What You Don’t Know About HTTP Header Attacks WILL Hurt You!

AUTHOR:  Howard Jeng

When running a web service, it’s pretty safe to say that anything strange you see in the logs is a hacking attempt. Some hacking attempts are fairly obvious as to how they’re trying to get into your system: trying to brute force passwords or trying to access the default admin account for a common blogging software package. One of the less obvious are HTTP header attacks. As the name suggests HTTP header attacks are HTTP requests that contain unusual data in the HTTP headers. One of the attacks that has been tried on our servers had a user agent string that looked like:

This takes advantage of the bash shellshock vulnerability to execute arbitrary code placed into an environment variable. The attack relies on the fact that some CGI implementations pass HTTP headers to subprocesses via environment variables. If you did have a vulnerable system with such a CGI implementation it would then download a perl script from the internet with wget and execute it.

Of course bash isn’t the only kind of code that can be injected through HTTP headers. Another interesting class of HTTP header attacks are SQL injection attacks. SQL injection attacks are depressingly common due to the naive way that many applications create SQL queries with basic string concatenation. One recently disclosed HTTP header SQL injection attack (from September 2015) was found in version 2.0.0 of the Limit Login Attempt plugin for WordPress. There is code that built an SQL query like so:

Where the getip() function looked like:

Here the HTTP_CLIENT_IP and HTTP_X_FORWARD_FOR values come from the HTTP header values. This basically means that the value for the header would be placed directly in the query without sanitization. So a HTTP X-Forwarded-For header could be used to execute something similar to a Bobby Tables attack.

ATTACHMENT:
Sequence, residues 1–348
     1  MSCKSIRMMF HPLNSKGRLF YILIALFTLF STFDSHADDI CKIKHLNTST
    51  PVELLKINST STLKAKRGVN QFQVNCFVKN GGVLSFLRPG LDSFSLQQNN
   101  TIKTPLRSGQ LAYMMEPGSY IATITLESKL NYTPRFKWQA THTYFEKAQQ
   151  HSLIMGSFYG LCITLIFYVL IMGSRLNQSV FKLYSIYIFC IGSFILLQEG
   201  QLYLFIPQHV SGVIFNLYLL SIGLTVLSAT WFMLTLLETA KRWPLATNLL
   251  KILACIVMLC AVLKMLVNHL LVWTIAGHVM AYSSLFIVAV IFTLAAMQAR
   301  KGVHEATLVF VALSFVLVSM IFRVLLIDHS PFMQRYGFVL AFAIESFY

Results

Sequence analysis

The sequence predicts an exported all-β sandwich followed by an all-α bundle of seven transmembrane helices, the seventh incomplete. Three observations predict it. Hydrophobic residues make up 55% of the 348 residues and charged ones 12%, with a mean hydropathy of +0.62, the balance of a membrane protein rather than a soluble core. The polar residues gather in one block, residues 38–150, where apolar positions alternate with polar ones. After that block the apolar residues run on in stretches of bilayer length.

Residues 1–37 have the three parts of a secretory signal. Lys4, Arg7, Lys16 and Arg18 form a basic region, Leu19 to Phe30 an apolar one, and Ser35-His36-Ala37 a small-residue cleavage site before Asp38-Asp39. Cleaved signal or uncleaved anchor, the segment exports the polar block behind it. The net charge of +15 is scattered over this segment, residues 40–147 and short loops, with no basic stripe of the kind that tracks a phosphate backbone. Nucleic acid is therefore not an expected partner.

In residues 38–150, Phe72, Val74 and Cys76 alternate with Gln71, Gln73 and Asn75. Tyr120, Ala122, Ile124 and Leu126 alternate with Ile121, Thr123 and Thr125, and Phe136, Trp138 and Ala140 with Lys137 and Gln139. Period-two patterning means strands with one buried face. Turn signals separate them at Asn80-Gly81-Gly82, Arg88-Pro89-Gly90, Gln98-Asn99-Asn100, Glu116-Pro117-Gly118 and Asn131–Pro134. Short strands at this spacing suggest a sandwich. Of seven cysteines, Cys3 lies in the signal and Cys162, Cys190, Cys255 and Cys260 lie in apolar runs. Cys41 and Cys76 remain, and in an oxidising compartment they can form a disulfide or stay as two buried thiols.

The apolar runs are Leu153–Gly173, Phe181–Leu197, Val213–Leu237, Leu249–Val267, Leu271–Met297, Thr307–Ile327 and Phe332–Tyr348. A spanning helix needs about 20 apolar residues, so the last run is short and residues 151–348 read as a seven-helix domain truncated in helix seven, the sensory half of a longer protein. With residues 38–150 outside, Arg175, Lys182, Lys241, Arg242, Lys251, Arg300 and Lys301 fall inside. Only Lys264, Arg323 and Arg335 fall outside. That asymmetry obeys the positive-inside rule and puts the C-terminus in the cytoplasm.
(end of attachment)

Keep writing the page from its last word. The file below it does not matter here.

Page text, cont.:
comic
https://xkcd.com/327/

In this case the developers chose to fix the problem by escaping the string in the getip() function.

Often these kind of attacks require some knowledge of the tables on the server, which can be fairly easy to determine for open source projects. However, many databases have admin tables with well known default or fixed names that could be manipulated if the executing code has the right permissions. As such, there are a shocking number of out of the box exploits that can work on improperly sanitized inputs. Tools such as sqlmap can be used to see if any of those out of the box exploits will work on your own code.

Of course, as string data, HTTP header processing is vulnerable to all the normal string processing issues that may happen such as buffer overflows in languages where this is a problem. In particular some people have made the mistake of assuming that HTTP headers containing IP addresses will always contain a validly formatted IPv4 dot decimal string and only allocate enough space for the 15 characters required for the longest such string and then use a non-length aware string copy to place the value into the buffer.

6 Best Practices for Mitigating HTTP Header Attacks:

  1. Keep the software on your servers up to date. A vulnerability targeting Shellshock won’t work on recent versions of bash.
  2. Limit extraneous software installed on your servers. An attack on your server can’t take advantage of software that’s not there. For instance, the first exploit would also fail if wget or perl were not installed. (Admittedly getting rid of perl on many servers is impractical at best.)
  3. For maximum protection your firewalls should contain rules for both incoming and outgoing connections. An exploit relying on downloading a file from the internet won’t work if the connection is blocked.
  4. Run your services with the minimum permissions possible. The principle of least privilege can limit the damage done if an exploit does get downloaded and run on one of your servers. The principle of least privilege also applies to things like database user permissions. An SQL injection attack to drop a table won’t work if the authenticated user doesn’t have permission to drop tables.
  5. Sanitize and sanity check all user supplied inputs – and remember that for security purposes, HTTP headers should be considered user supplied input. In particular escape string data passed to APIs that require it and don’t assume that HTTP headers that should contain IP addresses always actually contain IP addresses.
  6. Try using vulnerability testing software. They won’t catch everything, but will at least let you know if you have any particularly silly issues with your code or configurations.

 

Here at Medium One we keep in mind all of the above best practices. We are constantly vigilant in protecting our services and continually look at new ways to prevent hacking attempts. This includes analyzing failed attacks on our systems and auditing not just the specific attempts but those classes of attacks against our services. We can proudly claim that we’ve never detected a successful attack on our systems and certainly have never suffered from security related downtime.

So watch your header handling and happy web development!

www.mediumone.com

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